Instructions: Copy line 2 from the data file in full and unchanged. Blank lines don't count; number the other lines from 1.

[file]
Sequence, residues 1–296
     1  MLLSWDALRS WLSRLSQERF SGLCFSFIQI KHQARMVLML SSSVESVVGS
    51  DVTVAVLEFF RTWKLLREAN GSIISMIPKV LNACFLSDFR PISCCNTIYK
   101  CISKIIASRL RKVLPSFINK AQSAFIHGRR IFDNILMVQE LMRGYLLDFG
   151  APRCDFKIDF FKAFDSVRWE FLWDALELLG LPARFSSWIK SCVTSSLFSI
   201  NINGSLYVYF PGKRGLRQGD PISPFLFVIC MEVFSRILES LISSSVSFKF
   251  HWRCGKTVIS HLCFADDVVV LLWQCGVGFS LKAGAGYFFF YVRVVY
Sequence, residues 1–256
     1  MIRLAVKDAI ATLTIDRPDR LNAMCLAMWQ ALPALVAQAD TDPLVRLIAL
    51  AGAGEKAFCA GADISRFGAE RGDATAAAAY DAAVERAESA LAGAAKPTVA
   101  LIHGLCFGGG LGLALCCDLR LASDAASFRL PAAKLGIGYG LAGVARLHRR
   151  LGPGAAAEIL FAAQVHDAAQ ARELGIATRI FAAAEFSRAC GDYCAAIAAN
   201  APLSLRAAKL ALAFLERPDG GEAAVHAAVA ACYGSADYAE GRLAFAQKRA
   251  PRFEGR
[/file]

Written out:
     1  MLLSWDALRS WLSRLSQERF SGLCFSFIQI KHQARMVLML SSSVESVVGS